And now on to another issue that also seems to be popping up quite often in the opinions of many individuals, political correctness. Some people seem to think that this somewhat significant change in Doctor Who has stemmed from and has come as a result of political correctness. And I only really have one thing to say about this. In the world of Doctor Who, there is usually a reason, however significant or insignificant, for something occurring. And I’m quite sure that there will be a reason given for The Doctor becoming female. In reality, The Master became Missy in order to gain some sense of redemption, or at least that’s the reason for the change that I could gather. And on the other hand, in reality, this is a television show, so it doesn’t necessarily need a reason for the change/s that is/are occurring. And on another note, if the show does not give a reason for The Doctor’s change in gender/sex, then we may witness further increased opinions on how the change has only come about as a result of conforming to political correctness in the 21st century. And this is all most likely an unnecessary argument to put forth. This is, after all, a new idea from a new head show runner/ screenwriter, and it should at least be given a chance.
The final thing I want to focus on a little bit is how this change will, in turn, change the dynamic of the show itself. Currently, those who have seen Doctor Who have only borne witness to a male Doctor travelling time and space with a female companion. The Doctor has, in some forms, been a bit of a flirt with people, and has indeed become emotional at points, in particular when The 10th Doctor loses Rose, and when he doesn’t want to change forms. In fact there have been a few Doctors in recent times who don’t want to regenerate and change form. The latest Doctor to do this (if you haven’t seen the finale of the latest season of Doctor Who and wish to do so before reading this part, then please skip over it and read on from a few sentences ahead) was The 12th Doctor, who blatantly refused to regenerate, doing everything in his power to stop/prevent the regeneration sequence from occurring. The reason behind this is that, when regenerating, The Doctor loses a part of himself, however large or small, and changes into a fairly new individual. And the regeneration sequence/process isn’t necessarily a painless one. In fact, it has been described by show runners/screenwriters and past Doctors alike to be quite a painful process, and why wouldn’t it be? The Doctor is, after all, changing shape and form in order to live on. But back to the main point of this part of the article. As I mentioned, The Doctor has always only ever been male, with a female companion (although, as mentioned previously, there have been male companions, however they are generally related in some way to the main female companion). Now that The 13th Doctor has been announced as a female, there will most likely be a change in the dynamic of the show. Now it is somewhat still unclear as to whether Pearl Mackie will be reappearing as The Doctor’s companion, Bill Potts, (and again, if you haven’t seen the finale and wish to, then skip over this bit) however, it is most probable that she is now, in a sense, dead, and will not be returning, at least as a regular, to the Whoniverse. This means that new head show runner Chris Chibnall has been left with a casting choice to make once again. Now let’s have a bit of a look of what could occur depending on the choice of companion. If Chibnall casts a male into the role, this may be the beginning of romance in the world of Doctor Who. More specifically, romance between The Doctor and his companion. Now in retrospect romance of some variety has occurred between a Doctor and his companion before, that being The 10th Doctor and Rose Tyler. So it’s not to say that this would necessarily be a negative for the show. However, in more recent times, this has not really occurred, and although The Doctor has been quite caring of his companions, he has not in particularly been romantic in any sense towards any of them since Rose. On the other hand, if a female companion is cast, then it would create a new dynamic in that two females would be travelling throughout time and space, rather than a male and a female. Now for some, this would seem like an imbalance in the roles in Doctor Who. However, this again may not necessarily be a bad thing, seeing as The Doctor has always had a female companion. In fact, maybe the casting of both a male and a female companion might be the best way to go. Whatever happens though, we are bound to still be watching Doctor Who.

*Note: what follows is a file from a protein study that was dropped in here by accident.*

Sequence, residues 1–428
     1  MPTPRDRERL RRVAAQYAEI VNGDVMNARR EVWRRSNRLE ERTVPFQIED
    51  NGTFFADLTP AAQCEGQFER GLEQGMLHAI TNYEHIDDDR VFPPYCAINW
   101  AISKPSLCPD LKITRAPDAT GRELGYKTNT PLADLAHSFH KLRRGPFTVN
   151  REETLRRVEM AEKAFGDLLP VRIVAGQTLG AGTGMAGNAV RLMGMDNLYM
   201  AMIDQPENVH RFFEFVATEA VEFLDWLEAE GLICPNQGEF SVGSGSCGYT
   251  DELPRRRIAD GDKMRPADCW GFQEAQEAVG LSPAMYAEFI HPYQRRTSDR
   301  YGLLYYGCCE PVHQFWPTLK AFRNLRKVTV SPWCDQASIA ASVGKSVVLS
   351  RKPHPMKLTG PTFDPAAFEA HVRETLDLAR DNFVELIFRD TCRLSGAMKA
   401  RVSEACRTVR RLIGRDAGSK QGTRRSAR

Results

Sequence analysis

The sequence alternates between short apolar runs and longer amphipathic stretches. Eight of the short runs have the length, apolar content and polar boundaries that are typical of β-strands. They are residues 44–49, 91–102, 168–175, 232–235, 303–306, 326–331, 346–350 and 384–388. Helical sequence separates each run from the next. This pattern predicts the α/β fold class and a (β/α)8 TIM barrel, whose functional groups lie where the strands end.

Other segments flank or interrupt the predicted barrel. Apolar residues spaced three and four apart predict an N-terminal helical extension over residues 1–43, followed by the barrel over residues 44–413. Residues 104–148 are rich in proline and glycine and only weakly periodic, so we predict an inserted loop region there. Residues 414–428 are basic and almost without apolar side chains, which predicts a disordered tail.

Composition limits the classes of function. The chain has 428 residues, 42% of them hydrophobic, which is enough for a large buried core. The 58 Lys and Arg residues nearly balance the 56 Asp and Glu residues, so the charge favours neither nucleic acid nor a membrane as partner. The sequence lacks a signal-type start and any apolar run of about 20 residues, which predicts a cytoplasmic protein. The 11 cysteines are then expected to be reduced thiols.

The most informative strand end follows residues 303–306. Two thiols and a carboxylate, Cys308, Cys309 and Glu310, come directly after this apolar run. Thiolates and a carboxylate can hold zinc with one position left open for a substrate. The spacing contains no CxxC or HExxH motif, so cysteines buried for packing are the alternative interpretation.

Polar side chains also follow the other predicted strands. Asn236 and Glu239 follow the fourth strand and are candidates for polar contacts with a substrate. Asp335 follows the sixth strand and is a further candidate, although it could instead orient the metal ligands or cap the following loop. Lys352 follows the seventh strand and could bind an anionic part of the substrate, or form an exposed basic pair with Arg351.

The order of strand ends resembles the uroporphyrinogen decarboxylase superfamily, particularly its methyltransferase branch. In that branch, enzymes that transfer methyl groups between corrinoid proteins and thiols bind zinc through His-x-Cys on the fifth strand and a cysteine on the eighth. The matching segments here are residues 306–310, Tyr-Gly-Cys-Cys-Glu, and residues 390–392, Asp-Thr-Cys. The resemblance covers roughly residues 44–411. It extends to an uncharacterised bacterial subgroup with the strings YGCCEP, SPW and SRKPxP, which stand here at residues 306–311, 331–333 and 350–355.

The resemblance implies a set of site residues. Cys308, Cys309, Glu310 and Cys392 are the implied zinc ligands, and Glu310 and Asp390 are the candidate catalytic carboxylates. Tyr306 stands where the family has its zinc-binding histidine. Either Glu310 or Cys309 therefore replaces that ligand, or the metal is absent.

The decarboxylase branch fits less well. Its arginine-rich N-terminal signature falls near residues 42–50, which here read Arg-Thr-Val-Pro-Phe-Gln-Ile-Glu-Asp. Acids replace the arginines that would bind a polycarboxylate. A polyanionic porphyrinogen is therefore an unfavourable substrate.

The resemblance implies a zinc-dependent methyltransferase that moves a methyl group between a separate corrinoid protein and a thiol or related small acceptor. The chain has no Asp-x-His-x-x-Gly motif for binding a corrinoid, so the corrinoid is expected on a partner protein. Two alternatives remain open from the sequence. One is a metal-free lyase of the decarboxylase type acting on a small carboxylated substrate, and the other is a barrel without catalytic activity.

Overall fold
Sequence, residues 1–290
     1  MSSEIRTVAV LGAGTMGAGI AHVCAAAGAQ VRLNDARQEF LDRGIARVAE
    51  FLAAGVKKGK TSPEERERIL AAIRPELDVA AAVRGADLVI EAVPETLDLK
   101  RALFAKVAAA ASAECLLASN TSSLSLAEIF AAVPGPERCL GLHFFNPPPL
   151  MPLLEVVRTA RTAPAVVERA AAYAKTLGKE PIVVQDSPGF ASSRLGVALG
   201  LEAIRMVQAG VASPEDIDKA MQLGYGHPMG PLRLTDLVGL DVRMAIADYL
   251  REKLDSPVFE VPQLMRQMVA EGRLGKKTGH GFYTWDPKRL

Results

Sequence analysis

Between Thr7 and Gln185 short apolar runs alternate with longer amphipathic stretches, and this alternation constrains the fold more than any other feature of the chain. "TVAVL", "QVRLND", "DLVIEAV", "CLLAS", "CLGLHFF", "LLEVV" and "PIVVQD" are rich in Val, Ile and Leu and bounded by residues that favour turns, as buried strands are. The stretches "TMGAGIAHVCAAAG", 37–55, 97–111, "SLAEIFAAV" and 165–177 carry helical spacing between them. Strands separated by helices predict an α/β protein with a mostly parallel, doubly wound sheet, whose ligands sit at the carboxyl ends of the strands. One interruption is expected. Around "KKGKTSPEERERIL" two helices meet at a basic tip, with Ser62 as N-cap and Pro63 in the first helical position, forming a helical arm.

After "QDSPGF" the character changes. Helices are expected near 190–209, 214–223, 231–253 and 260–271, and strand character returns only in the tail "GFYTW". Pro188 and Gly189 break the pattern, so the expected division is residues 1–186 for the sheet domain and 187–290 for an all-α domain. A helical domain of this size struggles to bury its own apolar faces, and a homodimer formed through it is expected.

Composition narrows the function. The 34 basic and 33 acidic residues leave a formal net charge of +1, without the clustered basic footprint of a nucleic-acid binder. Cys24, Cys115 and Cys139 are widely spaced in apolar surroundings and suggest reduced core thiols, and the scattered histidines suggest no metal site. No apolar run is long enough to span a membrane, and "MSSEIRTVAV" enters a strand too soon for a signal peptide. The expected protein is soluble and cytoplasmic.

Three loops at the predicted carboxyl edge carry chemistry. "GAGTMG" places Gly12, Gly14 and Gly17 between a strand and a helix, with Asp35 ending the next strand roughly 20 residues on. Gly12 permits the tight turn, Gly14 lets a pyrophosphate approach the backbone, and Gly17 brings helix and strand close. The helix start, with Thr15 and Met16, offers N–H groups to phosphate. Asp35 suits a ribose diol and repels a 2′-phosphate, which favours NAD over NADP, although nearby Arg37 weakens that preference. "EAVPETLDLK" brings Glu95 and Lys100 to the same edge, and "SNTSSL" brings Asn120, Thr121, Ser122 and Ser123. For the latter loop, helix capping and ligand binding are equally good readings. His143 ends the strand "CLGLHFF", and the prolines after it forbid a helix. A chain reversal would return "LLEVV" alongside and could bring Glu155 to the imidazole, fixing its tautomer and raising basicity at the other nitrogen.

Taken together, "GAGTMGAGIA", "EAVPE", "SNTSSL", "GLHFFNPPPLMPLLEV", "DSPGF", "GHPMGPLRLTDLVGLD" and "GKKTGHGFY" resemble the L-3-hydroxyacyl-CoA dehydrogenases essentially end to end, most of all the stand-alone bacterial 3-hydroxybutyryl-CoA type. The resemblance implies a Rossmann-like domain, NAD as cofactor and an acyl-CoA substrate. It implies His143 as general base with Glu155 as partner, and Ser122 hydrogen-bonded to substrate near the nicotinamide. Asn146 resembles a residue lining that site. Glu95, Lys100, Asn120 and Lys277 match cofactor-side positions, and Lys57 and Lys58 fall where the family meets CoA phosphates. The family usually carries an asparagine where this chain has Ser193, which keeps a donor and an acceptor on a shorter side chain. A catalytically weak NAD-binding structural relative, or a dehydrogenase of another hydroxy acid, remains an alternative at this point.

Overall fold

And so to wrap up. Sure, the world of Doctor Who has been put into somewhat of a spin. Changes are being made to a show that has been on our television screens for 54 years. And so it comes as no surprise that there have been so many opinions expressed in the past few days. Sure, a female has been cast as The Doctor for the first time in the show’s history. And sure, there might be even more changes on the way. But change can be a good thing. And whilst this might be the start of a new era of Doctor Who, we should at least give it a chance. And at the end of the day, no matter what happens, we will still be watching Doctor Who, the same show, just a little bit different to usual.
I know this is a long one guys, but I just wanted to do a bit of an analysis on this big news. Thanks for reading, hope it’s alright, and as always, please leave any of your own ideas or opinions in the comments.